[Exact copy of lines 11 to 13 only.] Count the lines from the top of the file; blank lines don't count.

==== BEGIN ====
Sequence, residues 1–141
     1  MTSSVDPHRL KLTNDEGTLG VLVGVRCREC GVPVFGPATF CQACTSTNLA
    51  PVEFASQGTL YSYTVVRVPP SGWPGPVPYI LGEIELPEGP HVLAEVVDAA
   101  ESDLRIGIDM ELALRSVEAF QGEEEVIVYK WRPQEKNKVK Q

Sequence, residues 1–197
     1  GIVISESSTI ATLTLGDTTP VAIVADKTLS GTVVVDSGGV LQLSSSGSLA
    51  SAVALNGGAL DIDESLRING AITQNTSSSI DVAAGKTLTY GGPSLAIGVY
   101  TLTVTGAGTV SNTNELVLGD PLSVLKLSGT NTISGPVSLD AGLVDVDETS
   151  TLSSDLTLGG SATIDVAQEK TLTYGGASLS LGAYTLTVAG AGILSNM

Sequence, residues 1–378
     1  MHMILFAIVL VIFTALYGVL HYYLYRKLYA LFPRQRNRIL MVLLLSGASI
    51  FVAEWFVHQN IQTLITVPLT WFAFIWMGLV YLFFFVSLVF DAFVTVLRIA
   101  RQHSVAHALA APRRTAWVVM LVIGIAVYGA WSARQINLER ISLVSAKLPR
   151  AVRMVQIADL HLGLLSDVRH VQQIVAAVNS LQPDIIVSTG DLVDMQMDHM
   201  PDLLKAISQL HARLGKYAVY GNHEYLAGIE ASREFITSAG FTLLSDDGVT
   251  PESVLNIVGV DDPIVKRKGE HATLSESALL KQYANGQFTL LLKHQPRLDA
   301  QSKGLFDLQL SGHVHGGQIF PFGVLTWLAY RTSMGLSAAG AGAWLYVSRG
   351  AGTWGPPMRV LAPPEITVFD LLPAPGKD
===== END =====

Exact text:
     1  MHMILFAIVL VIFTALYGVL HYYLYRKLYA LFPRQRNRIL MVLLLSGASI
    51  FVAEWFVHQN IQTLITVPLT WFAFIWMGLV YLFFFVSLVF DAFVTVLRIA
   101  RQHSVAHALA APRRTAWVVM LVIGIAVYGA WSARQINLER ISLVSAKLPR